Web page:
ABOUT BOSNIAN-HERZEGOVINIAN FILM FESTIVAL SPECIAL EDITION- 2021
The Best of BHFF: A Retrospective for our Times was a month long program which took place from April 20th to May 31st, 2021 in an online format in celebration of the Bosnian and Herzegovinian Film Industry by showcasing the best of what Bosnia's film production has offered in the last few years. The BHFF Special Edition included retrospective screenings of a select group of films that have participated and/or were awarded The BHFF Golden Apple at one of the past BHFFs.
A total of 16 films were shown, including narrative features, short features, short narratives, documentaries. Alongside the retrospective screenings, the program featured conversations with emerging diasporic filmmakers who hail from Bosnia and currently live and make films elsewhere. Following the end of the BHFF Special Edition, BHFF’s programming co-directors Dijana Jelača and Amir Husak were in conversation with Aleksandra Odić (Great Wall of China), Una Gunjak (The Chicken), Sabina Vajrača (Variables), Ado Hasanović (Nomophobia), Bojan Bodružić (The Museum of Forgotten Triumphs) and Goran Kapetanović (My Aunt in Sarajevo; Refugee 532). Topics such as what it means to be a Bosnian diasporic filmmaker and how the filmmakers’ own backgrounds inform their creative filmmaking choices were discussed amongst others.
BHFF 2021 PROGRAM
QUO VADIS, AIDA- SPECIAL SCREENING (for US only)
2020 | Jasmila Žbanić | 101 min
Bosnia, July 1995. Aida is a translator for the UN in the small town of Srebrenica. When the Serbian army takes over the town, her family is among the thousands of citizens looking for shelter in the UN camp. As an insider to the negotiations Aida has access to crucial information that she needs to interpret. What is at the horizon for her family and people - rescue or death? Which move should she take?
A GOOD WIFE
2016 | Mirjana Karanović | 94 min
When 50-year-old Milena finds out about the terrible past of her seemingly ideal husband, while simultaneously learning of her own cancer diagnosis, she begins an awakening from the suburban paradise she has been living in.
MY AUNT IN SARAJEVO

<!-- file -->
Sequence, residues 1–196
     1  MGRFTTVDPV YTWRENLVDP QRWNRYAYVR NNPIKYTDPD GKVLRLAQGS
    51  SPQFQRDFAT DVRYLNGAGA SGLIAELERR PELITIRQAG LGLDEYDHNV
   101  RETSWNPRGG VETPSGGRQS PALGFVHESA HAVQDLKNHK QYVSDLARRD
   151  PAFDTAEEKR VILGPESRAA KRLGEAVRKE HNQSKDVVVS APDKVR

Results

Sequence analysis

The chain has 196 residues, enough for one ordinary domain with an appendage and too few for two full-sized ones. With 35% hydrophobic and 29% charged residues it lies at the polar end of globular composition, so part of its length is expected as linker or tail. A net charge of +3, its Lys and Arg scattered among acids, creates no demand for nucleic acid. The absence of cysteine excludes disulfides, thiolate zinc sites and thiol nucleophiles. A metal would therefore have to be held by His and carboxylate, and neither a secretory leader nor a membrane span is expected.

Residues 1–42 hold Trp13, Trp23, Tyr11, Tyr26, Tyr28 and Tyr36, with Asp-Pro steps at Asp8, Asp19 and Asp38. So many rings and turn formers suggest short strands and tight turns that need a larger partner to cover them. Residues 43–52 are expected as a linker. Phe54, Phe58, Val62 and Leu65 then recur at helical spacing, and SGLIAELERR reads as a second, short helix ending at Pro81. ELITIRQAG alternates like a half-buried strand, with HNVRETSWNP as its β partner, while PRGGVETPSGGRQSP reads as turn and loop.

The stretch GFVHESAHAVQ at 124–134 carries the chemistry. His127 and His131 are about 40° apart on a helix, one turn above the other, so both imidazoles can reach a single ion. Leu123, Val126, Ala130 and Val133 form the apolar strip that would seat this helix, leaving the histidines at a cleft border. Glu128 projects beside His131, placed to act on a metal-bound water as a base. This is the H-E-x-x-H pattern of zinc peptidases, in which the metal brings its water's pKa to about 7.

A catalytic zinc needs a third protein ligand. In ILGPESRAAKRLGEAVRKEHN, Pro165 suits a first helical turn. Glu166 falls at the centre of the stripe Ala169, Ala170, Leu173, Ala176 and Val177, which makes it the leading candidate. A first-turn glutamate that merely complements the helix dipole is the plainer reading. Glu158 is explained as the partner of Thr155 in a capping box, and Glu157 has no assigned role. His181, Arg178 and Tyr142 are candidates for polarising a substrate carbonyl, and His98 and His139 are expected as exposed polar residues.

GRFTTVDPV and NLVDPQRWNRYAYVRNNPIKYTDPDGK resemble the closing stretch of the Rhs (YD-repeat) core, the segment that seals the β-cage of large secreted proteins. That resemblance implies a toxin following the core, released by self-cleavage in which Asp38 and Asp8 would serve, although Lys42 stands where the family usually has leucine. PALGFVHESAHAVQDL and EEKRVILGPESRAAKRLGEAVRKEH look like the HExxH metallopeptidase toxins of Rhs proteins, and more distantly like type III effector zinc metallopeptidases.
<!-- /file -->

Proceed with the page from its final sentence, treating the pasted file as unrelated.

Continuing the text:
Moja tetka u Sarajevu
2016 | Goran Kapetanović | 58 min
Zlatan, 50, has not been in Bosnia since he left the country as a war refugee, more than twenty-five years ago. His only contact with Bosnia consists in sending money to a woman who takes care of his old aunt. Zlatan’s daughter Anja, 18, who lives with her mother, wants to know more about her Bosnian roots, but every single time she meets Zlatan, he is not eager to tell her anything about Sarajevo or his life there.
Anja decides to travel to Sarajevo to explore her roots. Zlatan tries to stop her, but surprisingly he finds himself in a taxi together with Anja, going towards the city of Sarajevo from the airport towards an emotional journey in search of their respective identity and their common history.
MEN DON'T CRY
Muškarci ne plaču
2017 | Alen Drljević | 98 min
Twenty years after the conclusion of the Bosnian War, a group of men meet to discuss their experiences and process the events that shaped their lives decades ago. Comprised of a diverse group ethnic backgrounds, including Bosnian, Croat, and Serbian descent, the men alternate between confronting and avoiding painful memories through a mix of therapy sessions and drunken revelry. Set at a remote mountain hotel, the film features cinematography that straddles the aesthetic line between documentary and narrative film, often leaving the viewer with a sense of unease. Men Don’t Cry embraces moral uncertainty and the effects of time on painful memories as it explores themes of ethnic conflict and the impact, both physical and emotional, that war leaves on its participants. The film also delves into gender issues with its exploration of the role played by masculinity in shaping war and the way veterans deal with their past experiences. Tense and unsettling, Men Don’t Cry casts doubt on the value and possibility of the emotional catharsis sought by its protagonists.